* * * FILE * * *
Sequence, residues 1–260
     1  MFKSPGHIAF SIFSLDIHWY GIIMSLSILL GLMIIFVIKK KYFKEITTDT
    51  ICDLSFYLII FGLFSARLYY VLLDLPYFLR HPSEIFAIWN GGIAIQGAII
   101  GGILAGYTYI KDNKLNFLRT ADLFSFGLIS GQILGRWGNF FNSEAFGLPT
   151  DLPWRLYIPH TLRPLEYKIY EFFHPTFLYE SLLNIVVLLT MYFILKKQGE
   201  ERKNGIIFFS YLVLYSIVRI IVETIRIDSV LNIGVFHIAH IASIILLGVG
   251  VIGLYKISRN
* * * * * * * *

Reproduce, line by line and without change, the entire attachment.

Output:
Sequence, residues 1–260
     1  MFKSPGHIAF SIFSLDIHWY GIIMSLSILL GLMIIFVIKK KYFKEITTDT
    51  ICDLSFYLII FGLFSARLYY VLLDLPYFLR HPSEIFAIWN GGIAIQGAII
   101  GGILAGYTYI KDNKLNFLRT ADLFSFGLIS GQILGRWGNF FNSEAFGLPT
   151  DLPWRLYIPH TLRPLEYKIY EFFHPTFLYE SLLNIVVLLT MYFILKKQGE
   201  ERKNGIIFFS YLVLYSIVRI IVETIRIDSV LNIGVFHIAH IASIILLGVG
   251  VIGLYKISRN